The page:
“If you give young people an opportunity to speak, to say what they feel, it is less likely they will resort to violence, and poetry helps people to get their feelings out in a positive manner.”
These were the words of Barbados’ first Poet Laureate, Esther Phillips, as she shared her experiences with Bajan Vibes following a reading of her works to a group of Literature in English students at the Barbados Community College (BCC).
Phillips, who taught at BCC for many years, eventually becoming the Head of the Liberal Arts Division, was also among the first group of students when the college opened its doors in 1969. She recalled, “the campus was based at Sherbourne, where the Lloyd Erskine Sandiford Centre is now. Back then it was an old plantation house. I would say it was an exciting experience; there weren’t very many of us – at most I would say between 50-80 students – but staff and students were very close. The Liberal Arts subjects were taught at Sherbourne, and the Technology Division was down by the harbour.”
When asked how and when she recognized her gift, Phillips stated, “It’s difficult to say when I got into poetry writing. I always liked words… language… I found it was a way in which I could express myself. My first work was published in Bim magazine in 1970, and to me it is a natural form of expression.”
In February this year, Phillips was appointed to the Poet Laureate position, and outlined to Bajan Vibes exactly what that role meant.
“The Poet Laureate is seen as someone who can represent the country in terms of writing poetry for specific formal occasions. I haven’t been asked to do that yet, but I was given instruments of appointment; it is put down in writing what I should do. I am to present one full length poetic work each year; to represent the island locally and internationally in writing, to create an archive based on the works I have done during the three-year period of appointment. And to encourage, as far as possible, an environment that will create and inspire an interest in poetry, which is part of my reason for being with these students this morning.”
She said candidates were selected “based on their ability to write, their involvement with poetry over a period of years, the number of publications they have had, and I would say levels of success in the field in terms of awards and recognition at home and abroad”.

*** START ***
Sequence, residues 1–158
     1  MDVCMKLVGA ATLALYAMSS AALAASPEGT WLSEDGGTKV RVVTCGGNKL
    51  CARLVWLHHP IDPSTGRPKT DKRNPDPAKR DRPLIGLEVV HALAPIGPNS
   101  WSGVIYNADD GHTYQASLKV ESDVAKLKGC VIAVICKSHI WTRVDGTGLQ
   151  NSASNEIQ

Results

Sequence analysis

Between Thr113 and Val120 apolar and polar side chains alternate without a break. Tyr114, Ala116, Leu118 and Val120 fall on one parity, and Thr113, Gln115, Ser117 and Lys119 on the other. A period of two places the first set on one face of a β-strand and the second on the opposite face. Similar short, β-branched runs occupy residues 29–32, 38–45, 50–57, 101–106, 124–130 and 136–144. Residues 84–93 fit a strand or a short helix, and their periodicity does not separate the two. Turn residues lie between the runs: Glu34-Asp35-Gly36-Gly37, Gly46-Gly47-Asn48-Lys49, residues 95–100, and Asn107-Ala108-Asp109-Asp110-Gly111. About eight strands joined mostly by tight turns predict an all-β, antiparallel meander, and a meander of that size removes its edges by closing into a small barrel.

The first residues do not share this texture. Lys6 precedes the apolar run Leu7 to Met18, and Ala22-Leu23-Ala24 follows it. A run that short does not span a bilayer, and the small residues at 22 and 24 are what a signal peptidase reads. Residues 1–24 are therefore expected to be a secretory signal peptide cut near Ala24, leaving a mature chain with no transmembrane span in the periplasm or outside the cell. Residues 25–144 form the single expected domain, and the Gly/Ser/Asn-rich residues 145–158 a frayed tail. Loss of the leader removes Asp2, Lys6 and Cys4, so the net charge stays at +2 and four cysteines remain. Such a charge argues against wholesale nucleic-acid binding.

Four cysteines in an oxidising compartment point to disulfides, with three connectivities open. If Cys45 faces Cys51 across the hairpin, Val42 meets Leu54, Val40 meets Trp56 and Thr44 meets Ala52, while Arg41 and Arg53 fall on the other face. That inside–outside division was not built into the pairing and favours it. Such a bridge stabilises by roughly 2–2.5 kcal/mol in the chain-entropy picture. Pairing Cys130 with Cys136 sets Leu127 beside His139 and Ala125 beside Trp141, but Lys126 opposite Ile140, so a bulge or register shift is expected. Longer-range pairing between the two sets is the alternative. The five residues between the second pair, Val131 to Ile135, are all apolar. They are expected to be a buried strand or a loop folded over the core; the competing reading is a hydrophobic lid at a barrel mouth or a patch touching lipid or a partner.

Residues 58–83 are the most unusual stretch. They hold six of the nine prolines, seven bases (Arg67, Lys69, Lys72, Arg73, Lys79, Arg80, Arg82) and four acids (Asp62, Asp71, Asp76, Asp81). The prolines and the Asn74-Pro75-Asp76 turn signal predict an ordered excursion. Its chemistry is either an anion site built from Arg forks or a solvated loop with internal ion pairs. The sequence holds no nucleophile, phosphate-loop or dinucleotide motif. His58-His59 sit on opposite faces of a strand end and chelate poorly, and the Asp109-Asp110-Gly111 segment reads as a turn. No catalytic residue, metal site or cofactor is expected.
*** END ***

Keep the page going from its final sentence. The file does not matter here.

The long time writer, who has published several collections of her work over the years, shared her thoughts on the emotional reactions poetry evoked in listeners, and how it could bring emotionally disturbed people to a place of healing.
“It is a way of creating empathy, and we do not have enough of that. For example, I just read my poem Absent Father. I can read the emotions going on; just now a student came to me in tears, and one or two students left while I read it. Another young lady came to me to talk about her situation; I didn’t want her to break down in front of me so I took her number to chat with her later. Even though my poetry is based on my personal experiences, there is always somebody else who may be in that same emotional space.”
Referring to the recent decision the Ministry of Education to change the acronym “STEM” (Science, Technology, Engineering and Mathematics) to “STEAM” (where it incorporates the arts), Phillips commended it, stating that “when I studied at the University of Miami, they were including Arts students in their Technology programmes, because they recognised that even if you are building a robot, you still have to understand how humans react to make it meaningful.”
The Poet Laureate said, “we can create poetry from any experience around us. Everyone has a story, but I find we have become too cold and callous in our society and if we could make some inroads into opening people’s sensitivities it could make a world of difference.” (DH)